The Middleham to Kettlewell road is narrow, steep and winding, with lovely lazy lanes wandering off in unpredictable directions. It's astonishing to think this road was once a main route between London and Richmond! It would have been a perfect spot for highwaymen as it's so remote in places. I'm not sure why but at one point my husband suggested it would be a perfect place to bury a body... And I wasn't even being annoying at that point!
Much of the road snakes over the moor so some might suggest there's nothing to see, particularly in the dark. That's what's so wonderful about such a journey - superficially there's very little to see but actually it's just a different way to see a familiar route. The odd house is lit up with curtains undrawn, revealing inhabitants within, everyone wrapped up in their own small world. Occasional lights on the hillside show more remote settlements and isolated farms that might go unnoticed in daylight.
The road's contours are somehow more prevalent when lit by the car's headlamps. It's not so much that the headlamps show a different view, rather they illuminate the details: every bump, every rise and fall, twist and turn. At practically every bend, rabbits scattered out of our way, a full range of sizes and generations. Two owls flew alongside the car. The lights picked out the moss and lichen on the dry stone walls.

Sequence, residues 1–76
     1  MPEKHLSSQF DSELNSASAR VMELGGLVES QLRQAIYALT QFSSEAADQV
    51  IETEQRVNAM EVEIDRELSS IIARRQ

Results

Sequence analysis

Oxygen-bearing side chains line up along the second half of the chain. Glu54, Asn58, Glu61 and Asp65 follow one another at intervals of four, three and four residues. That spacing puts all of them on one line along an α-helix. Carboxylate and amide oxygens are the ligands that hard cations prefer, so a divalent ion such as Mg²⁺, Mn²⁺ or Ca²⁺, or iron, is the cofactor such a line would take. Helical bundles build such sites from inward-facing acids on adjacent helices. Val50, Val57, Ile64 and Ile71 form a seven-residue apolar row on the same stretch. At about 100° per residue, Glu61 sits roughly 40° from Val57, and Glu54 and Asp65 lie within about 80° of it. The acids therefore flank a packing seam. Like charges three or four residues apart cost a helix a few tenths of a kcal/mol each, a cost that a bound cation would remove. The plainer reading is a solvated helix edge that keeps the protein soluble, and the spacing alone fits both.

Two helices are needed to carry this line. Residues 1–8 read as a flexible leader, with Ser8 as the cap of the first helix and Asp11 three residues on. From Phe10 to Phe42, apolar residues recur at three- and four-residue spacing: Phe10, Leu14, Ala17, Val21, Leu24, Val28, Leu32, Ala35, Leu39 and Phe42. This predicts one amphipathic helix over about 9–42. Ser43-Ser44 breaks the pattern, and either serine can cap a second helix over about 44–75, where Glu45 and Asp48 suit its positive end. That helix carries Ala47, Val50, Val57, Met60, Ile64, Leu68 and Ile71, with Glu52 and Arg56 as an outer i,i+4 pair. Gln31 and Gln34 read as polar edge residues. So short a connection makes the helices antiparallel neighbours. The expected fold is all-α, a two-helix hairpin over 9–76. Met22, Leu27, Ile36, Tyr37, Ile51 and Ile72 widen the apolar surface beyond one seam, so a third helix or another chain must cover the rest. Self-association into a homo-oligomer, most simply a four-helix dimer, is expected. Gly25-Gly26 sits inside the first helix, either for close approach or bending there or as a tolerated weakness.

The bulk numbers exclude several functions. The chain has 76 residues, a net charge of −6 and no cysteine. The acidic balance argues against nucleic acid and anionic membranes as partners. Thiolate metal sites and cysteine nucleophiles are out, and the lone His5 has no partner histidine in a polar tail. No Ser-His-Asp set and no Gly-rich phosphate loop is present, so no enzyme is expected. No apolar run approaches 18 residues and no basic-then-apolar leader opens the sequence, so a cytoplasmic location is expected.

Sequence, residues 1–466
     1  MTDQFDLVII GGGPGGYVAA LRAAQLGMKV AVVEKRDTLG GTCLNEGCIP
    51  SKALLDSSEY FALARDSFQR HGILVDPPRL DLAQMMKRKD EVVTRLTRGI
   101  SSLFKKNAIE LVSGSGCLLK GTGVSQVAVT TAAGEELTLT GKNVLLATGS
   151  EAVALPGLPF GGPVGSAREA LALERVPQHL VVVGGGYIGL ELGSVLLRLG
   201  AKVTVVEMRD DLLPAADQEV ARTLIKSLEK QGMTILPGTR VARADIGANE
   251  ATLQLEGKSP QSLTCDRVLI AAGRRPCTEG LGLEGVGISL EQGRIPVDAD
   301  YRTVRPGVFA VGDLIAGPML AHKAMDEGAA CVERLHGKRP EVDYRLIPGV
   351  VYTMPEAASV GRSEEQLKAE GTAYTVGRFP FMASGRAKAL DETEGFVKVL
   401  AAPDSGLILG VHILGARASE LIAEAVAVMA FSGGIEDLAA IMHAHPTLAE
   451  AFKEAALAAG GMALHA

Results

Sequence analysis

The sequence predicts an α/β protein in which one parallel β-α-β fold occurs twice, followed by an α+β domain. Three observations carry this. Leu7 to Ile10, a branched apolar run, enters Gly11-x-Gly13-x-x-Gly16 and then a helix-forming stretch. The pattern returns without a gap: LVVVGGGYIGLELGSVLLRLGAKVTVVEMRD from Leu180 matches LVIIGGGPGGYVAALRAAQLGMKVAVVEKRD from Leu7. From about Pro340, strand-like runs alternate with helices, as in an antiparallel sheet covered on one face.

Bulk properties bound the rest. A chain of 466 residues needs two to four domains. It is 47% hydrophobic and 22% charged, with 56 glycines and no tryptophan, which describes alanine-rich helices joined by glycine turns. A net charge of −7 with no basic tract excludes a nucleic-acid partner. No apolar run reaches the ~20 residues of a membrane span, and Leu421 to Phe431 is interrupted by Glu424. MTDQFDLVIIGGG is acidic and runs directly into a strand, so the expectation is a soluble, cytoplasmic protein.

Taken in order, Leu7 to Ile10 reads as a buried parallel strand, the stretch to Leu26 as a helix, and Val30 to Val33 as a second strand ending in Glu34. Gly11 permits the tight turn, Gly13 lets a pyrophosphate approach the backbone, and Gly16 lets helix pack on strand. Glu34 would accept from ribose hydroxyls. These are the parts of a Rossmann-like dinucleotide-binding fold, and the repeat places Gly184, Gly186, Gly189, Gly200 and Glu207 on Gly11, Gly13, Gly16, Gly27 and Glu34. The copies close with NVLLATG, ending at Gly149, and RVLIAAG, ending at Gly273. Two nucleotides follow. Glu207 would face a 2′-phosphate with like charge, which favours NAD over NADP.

Approaching Kettlewell felt even more welcoming than usual, seeing the warm glow of houses and pubs. We decided to continue though - my husband wanted to go somewhere that felt more remote. We headed for the George Inn at Hubberholme, whose thick stone walls and flagged floors dating back to the 1600s felt reassuringly sold and welcoming - a 'proper pub'. Landlords Jackie and Ed were equally warm and happy to serve one of my favourite combinations: gin and pudding. The ordering took some time - Ed offered multiple choices of pudding with cream, ice-cream or custard. Then came the gin order. This pub is literally in the middle of nowhere - almost bang in the centre of the Dales, and yet the gin - and tonic - options could equal some London bars.
As we cast about for somewhere to sit in the busy bar, my eye was caught by Chris and Fiona from Nethergill Farm, who invited us to join them. Within seconds we were deep in conversation - and conservation. Chris and Fiona are passionate about their environment, about sustainable and profitable farming. I love such discussions - it's great to see the world through someone else's eyes and find out more about their life and views, digging deeper to learn more. Chris and my husband Elias sat on opposite sides of the table, and as they introduced themselves and their backgrounds to each other I was struck by how different their worlds are. Chris farms and advises other farmers whereas Elias works for a software company. Talking about his job, Elias mentioned 'AI' and I saw fleeting looks of surprise on Chris and Fiona's faces. In Elias' world, AI is Artificial Intelligence, computers performing tasks normally requiring human intelligence. In Chris' world, AI is Artificial Insemination!
As I said, I love seeing the world and the Dales from different perspectives!